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Issue: 69 - Sep 15, 2014
Facebook's Free Ride Is Over
By: Joe Dysart
Joe Dysart

Vets smarting over Facebook's decision to severely limit their ability to communicate with people who like their business pages on the social network recently got an explanation from the Web titan about the policy change.

But many aren't buying it.

"Facebook wants us to pay for real estate that we used to get for free," says Leslie Nuccio, creative strategist, Meltwater (, a social media monitoring and press relations firm.

Before the policy change, veterinarians and other businesses absolutely loved the Facebook Like’ system. Essentially, any person who clicked a button and ‘Liked’ a business page on Facebook regularly received posts from that business in their Facebook 'News Feed.'

(The 'News Feed' is the middle column on a user's Facebook home page, which shows posts from friends, posts from businesses they've ‘Liked’ on Facebook, and old-school advertising posts.)

The ‘Like’ was a marketer's dream, in that a business on Facebook could stay in constant - sometimes daily - contact with customers by sending out interesting posts related to their product or services.

Indeed, even a corporate business that had say 300,000 people who ‘Liked’ their business page on Facebook could post a text-and-image message to the social network, and all 300,000 people who were Followers of their business on Facebook would see that message - at absolutely no cost to the business.

The smartest of these businesses also quickly realized that the way to stay ‘Liked’ among current and potential customers was to engage in an authentic 'conversation' with Facebook users - rather than launch old-school posts in promotional blast form.

In the technical jargon of marketing, this ability to send posts for free to everyone who ‘Liked’ your business page on Facebook is known as “organic reach.”

Marketers loved it.

Sadly, that cozy relationship between businesses and Facebook users began to degrade about two years ago, when Facebook decided to begin to severely throttle back the reach of posts that businesses were sending people who had ‘Liked’ their page.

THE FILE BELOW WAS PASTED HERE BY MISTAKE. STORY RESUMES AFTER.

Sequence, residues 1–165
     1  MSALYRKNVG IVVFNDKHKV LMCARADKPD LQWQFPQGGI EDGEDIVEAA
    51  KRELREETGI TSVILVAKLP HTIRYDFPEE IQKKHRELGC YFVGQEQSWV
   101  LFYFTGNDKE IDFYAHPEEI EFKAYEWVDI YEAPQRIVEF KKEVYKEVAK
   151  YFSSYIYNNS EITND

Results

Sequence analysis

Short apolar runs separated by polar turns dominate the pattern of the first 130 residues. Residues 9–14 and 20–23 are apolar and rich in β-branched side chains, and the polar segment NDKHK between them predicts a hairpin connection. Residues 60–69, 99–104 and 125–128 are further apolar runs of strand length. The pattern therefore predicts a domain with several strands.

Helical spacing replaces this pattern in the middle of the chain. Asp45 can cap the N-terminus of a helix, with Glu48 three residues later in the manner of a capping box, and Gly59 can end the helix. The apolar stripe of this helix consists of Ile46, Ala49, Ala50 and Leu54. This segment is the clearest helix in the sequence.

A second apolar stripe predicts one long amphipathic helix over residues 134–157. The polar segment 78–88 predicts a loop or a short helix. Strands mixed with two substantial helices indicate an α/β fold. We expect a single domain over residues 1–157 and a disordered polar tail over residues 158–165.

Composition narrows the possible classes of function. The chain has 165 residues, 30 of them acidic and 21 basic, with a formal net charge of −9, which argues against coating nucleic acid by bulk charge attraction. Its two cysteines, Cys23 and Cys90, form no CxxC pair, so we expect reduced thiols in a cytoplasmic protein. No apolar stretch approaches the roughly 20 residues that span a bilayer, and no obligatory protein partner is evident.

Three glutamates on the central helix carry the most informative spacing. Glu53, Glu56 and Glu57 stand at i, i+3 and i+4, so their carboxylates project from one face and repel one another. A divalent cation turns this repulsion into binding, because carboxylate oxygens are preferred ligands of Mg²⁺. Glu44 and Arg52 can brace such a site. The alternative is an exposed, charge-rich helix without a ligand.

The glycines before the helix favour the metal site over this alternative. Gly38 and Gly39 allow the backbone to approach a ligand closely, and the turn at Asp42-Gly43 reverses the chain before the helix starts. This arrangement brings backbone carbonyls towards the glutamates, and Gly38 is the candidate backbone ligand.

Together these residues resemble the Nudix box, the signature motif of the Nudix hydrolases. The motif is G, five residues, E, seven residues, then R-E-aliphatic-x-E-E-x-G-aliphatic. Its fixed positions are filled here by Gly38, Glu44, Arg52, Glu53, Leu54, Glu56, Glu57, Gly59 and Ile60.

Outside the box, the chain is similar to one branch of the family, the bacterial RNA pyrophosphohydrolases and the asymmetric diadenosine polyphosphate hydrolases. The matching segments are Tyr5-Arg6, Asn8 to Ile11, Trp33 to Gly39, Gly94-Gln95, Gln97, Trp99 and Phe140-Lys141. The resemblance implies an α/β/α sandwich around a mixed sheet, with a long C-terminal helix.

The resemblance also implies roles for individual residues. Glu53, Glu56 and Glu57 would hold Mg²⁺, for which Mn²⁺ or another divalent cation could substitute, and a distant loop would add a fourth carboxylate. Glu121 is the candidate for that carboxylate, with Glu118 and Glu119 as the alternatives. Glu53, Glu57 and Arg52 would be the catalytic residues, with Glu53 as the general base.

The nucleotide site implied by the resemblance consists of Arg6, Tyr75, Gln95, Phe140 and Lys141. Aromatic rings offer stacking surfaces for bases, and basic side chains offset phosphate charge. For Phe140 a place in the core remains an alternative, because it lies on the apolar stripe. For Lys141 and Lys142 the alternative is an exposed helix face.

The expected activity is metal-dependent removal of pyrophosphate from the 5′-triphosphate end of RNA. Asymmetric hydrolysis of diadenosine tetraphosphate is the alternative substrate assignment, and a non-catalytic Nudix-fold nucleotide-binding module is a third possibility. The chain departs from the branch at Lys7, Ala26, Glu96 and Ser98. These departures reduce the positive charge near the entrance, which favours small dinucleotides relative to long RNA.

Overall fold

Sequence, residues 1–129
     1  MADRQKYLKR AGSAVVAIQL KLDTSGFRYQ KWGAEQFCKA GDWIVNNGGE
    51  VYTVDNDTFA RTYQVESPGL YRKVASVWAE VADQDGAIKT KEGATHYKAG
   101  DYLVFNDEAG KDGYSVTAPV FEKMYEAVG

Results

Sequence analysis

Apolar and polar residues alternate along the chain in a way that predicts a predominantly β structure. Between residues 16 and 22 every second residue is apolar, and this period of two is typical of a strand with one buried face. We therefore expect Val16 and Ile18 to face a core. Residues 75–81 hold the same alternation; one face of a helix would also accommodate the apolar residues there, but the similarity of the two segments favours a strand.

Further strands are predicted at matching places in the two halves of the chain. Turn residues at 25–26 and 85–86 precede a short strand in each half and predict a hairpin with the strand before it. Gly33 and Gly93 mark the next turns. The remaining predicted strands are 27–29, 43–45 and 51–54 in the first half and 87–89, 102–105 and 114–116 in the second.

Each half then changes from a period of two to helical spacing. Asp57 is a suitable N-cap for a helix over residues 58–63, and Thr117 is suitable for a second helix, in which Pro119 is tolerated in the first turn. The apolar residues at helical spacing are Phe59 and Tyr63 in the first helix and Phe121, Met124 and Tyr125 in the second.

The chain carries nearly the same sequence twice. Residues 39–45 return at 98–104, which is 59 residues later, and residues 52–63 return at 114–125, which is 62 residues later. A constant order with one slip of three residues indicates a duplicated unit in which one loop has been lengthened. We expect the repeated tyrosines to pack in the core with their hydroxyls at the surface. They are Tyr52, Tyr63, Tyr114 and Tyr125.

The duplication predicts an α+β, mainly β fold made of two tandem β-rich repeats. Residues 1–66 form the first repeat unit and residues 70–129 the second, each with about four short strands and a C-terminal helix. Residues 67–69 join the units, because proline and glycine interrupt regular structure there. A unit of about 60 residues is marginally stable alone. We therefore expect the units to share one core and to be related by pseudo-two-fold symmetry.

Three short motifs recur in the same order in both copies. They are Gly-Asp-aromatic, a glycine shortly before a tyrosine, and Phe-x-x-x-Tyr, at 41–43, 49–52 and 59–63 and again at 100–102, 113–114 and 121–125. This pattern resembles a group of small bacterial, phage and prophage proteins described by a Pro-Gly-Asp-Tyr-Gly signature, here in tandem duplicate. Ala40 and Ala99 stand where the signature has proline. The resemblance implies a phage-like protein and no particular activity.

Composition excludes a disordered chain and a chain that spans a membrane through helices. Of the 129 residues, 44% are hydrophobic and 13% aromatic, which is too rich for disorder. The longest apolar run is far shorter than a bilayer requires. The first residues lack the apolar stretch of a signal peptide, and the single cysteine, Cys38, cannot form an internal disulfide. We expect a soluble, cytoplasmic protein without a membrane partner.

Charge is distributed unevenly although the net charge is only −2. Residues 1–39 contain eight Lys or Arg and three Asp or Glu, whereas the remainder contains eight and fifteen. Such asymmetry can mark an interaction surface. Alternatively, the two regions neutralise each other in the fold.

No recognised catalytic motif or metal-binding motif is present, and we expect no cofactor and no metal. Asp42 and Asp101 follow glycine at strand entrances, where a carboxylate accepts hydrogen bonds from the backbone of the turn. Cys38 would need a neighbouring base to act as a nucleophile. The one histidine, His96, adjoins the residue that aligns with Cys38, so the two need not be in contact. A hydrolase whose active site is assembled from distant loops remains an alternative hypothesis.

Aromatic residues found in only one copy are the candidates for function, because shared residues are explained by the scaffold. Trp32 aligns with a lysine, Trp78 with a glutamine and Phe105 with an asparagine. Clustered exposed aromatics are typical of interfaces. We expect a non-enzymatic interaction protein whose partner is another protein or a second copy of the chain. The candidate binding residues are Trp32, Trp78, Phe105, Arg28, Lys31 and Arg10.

The result: These days, as little as 6% or less of people who have ‘Liked’ a business page on Facebook actually receive any particular post that business sends over the social network, according to Marshall Manson, a managing director an Ogilvy & Mather.

Moreover, Manson predicts it's “only a matter of time” before the organic reach of businesses on Facebook will plummet to zero (

Officially, Facebook insists that the only reason businesses on the social network are now only reaching a fraction of the people they used to reach is due to an enhanced content filtering process the social network has been fine-tuning during the past year.

Essentially, Facebook says its users are being inundated with too much content on a daily basis from both businesses and other users. So the social network is increasingly filtering the content that shows up in users' 'News Feed,' based on the data Facebook finds in those users' Facebook profiles and in their activity on Facebook.

“Rather than showing people all possible content, News Feed is designed to show each person on Facebook the content that’s most relevant to them,” says Brian Boland, lead, ads marketing team at Facebook. “To choose which stories to show, News Feed ranks each possible story - from more to less important - by looking at thousands of factors relative to each person.”

This filtering process is an entirely benign, entirely innocent attempt by Facebook to ensure that Facebook users' News Feed is absolutely as relevant and interesting as humanely possible, according to Facebook's Boland.